Just as in LDA, we also use and to represent the distribution over topics for -th central skill and the distribution over skills for -th topics. Besides, to model the connection between criteria labels and central skills, we follow the ideas in [Ramage et al.2009] and associate each topic with a criteria label. Specially, we have to presents the criteria labels of -th central skill, where

is a binary topic presence/absence vector and each

. Then to keep the above hypothesis, we generate the -th central skill’s distribution over topic by .

Besides, according to our basic assumptions, the popularity of skills will be affected not only by mutual connections and criteria, but also corresponding skill categories, which can further help us understand hierarchical skill relationship from macro perspective. We follow the ideas in [Huai et al.2014] and hypothesize each central skill also has a distribution over skill categories. is used to represent the skill category of skill

(e.g., the category of skill “CNN” is “machine learning”). Thus the skill token

is finally generated by .

The detailed generation process of SPTM is illustrated in Algorithm 1, and related mathematical notations are summarized in Table 2.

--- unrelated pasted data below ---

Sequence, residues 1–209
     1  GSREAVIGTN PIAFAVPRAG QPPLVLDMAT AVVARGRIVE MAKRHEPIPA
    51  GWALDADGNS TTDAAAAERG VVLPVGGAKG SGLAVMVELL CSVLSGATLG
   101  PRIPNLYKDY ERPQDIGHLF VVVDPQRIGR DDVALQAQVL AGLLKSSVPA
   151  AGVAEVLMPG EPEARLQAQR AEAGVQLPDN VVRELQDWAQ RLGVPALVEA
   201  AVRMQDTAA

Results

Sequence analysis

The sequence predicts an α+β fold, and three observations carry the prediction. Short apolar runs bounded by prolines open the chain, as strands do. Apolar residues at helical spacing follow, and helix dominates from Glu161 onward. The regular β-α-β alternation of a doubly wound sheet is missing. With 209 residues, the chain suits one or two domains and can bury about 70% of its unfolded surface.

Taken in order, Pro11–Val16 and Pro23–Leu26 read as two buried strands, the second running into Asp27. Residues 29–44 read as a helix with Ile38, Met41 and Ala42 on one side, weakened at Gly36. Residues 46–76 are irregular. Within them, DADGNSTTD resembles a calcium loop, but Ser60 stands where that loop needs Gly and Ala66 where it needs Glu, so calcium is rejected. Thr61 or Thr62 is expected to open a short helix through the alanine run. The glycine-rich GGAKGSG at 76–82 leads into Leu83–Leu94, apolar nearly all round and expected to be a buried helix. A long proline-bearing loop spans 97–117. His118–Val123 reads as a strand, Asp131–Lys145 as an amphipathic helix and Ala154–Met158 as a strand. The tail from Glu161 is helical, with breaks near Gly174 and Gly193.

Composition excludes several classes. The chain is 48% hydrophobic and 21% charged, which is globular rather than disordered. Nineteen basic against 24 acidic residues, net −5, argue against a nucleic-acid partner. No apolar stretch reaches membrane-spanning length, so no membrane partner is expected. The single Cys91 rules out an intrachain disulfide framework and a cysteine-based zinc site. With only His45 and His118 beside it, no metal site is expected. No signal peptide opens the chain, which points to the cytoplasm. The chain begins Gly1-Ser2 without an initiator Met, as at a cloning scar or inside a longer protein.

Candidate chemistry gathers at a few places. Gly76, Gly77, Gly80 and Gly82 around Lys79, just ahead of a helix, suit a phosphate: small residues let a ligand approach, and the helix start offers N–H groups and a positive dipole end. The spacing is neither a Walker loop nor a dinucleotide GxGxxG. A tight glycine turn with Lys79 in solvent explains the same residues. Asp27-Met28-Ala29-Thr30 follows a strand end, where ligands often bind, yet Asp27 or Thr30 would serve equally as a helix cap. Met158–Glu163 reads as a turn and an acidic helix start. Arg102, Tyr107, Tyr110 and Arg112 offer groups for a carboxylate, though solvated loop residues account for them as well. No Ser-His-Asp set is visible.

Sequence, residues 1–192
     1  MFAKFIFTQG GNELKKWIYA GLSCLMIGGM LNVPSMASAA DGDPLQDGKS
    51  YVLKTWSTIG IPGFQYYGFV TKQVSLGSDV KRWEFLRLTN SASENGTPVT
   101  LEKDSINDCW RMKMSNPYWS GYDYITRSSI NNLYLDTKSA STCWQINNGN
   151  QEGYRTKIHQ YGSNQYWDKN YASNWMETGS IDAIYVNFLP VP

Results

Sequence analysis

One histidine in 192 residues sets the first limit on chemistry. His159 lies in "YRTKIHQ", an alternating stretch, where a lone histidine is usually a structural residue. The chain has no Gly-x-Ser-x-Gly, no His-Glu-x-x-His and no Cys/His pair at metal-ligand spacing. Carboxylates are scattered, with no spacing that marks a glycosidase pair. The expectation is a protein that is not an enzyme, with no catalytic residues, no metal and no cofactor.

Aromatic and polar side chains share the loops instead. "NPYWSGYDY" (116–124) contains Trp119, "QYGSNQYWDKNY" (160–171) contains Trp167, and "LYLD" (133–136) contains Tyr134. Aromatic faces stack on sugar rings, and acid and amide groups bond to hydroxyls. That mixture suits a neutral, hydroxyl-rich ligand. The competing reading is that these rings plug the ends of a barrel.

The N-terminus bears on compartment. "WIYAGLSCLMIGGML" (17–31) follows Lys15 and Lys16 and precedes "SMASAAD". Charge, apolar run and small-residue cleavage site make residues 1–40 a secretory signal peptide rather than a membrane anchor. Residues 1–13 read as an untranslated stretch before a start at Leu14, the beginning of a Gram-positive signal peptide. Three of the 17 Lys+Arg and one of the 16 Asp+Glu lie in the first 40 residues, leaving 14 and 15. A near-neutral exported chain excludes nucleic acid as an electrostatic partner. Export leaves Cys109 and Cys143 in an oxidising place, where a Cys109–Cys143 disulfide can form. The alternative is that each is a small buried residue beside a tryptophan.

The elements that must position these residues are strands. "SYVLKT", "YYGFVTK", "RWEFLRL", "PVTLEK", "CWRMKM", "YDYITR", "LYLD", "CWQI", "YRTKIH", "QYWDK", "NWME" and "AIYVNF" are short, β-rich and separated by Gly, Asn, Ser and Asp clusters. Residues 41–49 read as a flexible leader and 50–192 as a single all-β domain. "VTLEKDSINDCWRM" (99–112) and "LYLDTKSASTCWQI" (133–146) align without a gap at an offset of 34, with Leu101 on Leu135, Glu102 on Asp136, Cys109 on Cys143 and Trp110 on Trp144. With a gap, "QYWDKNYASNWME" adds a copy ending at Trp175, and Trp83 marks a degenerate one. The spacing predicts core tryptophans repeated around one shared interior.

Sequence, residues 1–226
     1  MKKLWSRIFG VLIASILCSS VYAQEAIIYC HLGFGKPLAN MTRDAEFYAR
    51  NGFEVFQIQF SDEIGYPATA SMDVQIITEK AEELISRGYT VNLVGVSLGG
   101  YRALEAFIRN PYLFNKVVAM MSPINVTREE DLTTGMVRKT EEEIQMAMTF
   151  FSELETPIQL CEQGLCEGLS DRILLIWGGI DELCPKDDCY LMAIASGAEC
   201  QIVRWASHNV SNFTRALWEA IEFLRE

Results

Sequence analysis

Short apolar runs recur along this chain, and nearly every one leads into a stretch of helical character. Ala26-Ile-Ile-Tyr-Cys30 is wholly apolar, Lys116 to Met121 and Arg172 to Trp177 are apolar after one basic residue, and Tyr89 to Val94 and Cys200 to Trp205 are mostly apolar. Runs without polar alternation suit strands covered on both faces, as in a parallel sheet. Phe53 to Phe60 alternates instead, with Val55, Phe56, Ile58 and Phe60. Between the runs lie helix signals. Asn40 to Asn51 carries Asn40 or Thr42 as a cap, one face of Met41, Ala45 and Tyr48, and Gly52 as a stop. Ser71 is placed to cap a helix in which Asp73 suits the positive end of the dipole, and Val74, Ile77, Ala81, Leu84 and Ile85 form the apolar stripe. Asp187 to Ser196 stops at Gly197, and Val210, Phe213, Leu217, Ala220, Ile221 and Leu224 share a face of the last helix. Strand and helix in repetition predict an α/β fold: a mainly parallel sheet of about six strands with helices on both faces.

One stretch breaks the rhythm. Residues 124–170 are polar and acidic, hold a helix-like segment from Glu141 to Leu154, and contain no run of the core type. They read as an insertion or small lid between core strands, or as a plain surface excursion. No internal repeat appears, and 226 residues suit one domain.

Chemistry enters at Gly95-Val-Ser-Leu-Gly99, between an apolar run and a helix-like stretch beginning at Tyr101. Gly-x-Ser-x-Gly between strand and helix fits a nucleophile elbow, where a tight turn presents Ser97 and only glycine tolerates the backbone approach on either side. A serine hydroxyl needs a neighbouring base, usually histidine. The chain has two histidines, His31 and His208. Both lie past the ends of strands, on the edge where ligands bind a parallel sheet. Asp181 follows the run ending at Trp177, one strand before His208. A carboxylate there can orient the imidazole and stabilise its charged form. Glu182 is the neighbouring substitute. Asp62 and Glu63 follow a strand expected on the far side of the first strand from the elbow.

Symbol Description
Dirichlet prior for generating
Dirichlet prior for generating
Dirichlet prior for generating
Distribution parameters for generating
Distribution parameters for generating
Topic presence/absence vector of -th central skill
Distribution over topics for -th central skill
Topic label of -th skill token of -th central skill
skill category of -th skill token of -th central skill
skill category of -th skill
-th skill token of -th central skill
Distribution over skills for -th topic and -th category
Number of topics/criteria
Number of skills
Number of skill categories
Number of central skills
Number of skill tokens of -th central skill
Table 2: Mathematical Notations.
1:for each topic  do
2:      Generate
3:for each central skill  do
4:      for each topic  do
5:            Generate       
6:      Generate
7:      Generate
8:      for each skill token  do
9:            Generate
10:            Generate
11:            Generate       
Algorithm 1 The Generation Process of SPTM.

Model Inference

Then, we will introduce the technical solution of model inference. Specially, we use collapsed Gibbs sampling for training, where the sampling probability of , which indicates the topic of -th skill token in -th central skill, is given by:


where is all of skill tokens of -th central skill except -th one and is similar. is the topic labels of . Here stands for the appearance probability of the skill token and its category given , and represents the probability of in -th central skill regardless of -th skill token. Then we can calculate these two probabilities as follows: